Brim: Fleeing from weather and cod
Brim’s freezer trawler Vigri is in port in Reykavík with a green weight of 600 tonnes of fish on board, after a stormy trip on Westfjords, east coast and south-western fishing grounds.
According to skipper Eythór A Scott, most of the trip was spent keeping clear of bad weather, and in some instances keeping clear of cod as this species wasn’t on the company’s wish list for this trip.
‘We started on the Hali grounds. That’s where we had some good fishing for saithe. We managed to head west to the Thveráll Gully and had some fishing for haddock, before an oncoming storm forced us to shelter in the Ísafjörður Deep. We spent 12 hours dodging there before the weather moderated. That opened a 12-hour window for us. There were two options open to us – to steam away as soon as possible and try for better conditions off the east, or stay there in the Ísafjörður Deep for the next week. So we opted to steam east.’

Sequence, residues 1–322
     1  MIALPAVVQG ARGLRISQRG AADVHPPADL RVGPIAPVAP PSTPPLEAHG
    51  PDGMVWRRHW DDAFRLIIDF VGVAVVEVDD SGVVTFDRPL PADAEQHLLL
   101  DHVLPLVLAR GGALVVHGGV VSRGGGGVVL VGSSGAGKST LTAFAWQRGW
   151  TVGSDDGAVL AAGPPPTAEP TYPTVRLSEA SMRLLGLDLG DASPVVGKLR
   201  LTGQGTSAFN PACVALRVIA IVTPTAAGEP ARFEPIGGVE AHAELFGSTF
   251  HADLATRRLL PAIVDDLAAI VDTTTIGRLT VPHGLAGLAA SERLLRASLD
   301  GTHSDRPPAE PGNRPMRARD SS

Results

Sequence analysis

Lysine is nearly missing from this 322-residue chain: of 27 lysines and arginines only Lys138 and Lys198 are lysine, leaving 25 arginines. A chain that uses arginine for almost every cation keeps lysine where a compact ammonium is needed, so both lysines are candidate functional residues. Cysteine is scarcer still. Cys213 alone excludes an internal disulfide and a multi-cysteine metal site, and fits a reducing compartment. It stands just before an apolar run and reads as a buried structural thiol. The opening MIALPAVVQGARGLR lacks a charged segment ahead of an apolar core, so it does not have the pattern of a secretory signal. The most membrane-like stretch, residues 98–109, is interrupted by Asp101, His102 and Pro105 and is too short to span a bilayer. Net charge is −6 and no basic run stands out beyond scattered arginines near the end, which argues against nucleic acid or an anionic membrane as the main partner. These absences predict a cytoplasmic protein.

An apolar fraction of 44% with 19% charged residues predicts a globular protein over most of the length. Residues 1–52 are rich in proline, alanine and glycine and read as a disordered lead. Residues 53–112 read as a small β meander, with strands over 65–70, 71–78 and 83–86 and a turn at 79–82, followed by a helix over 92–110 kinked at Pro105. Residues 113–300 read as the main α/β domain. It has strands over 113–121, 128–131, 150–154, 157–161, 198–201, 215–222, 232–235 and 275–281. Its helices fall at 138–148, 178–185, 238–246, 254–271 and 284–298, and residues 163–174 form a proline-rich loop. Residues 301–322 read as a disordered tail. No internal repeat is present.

He said that there was good fishing for them off the east coast, starting on the Langanes Bank and shifting from there to Digranesflak. Cod formed the bulk of the catch in both areas.
‘The aim was to catch not too much cod, but we had to do something. We tried for haddock on the Tangaflak, but the main catch everywhere off the east coast was cod,’ he said, adding that they paid a return visit to the Westfjords on the way back.
‘We started on the Slétta Shallows and went westwards to the eastern corner of the Víkuráll Gully. There was fine fishing there, mostly golden redfish mixed with some cod and saithe.’
The last part of the trip was spent on south-western grounds.
‘We did well on golden redfish on the Eldey Bank and finished on the shallow part of the Skerja Deeps. That was mainly to see what the state of the golden redfish is like, and though we had some fish, the time we had there was far too short. We only managed around eight hours fishing,’ he said, and agrees with Örfirisey’s skipper Ævar Jóhannsson who was featured here earlier in the week, that the winter season is ready to start, with fish already heading for the banks and shallows.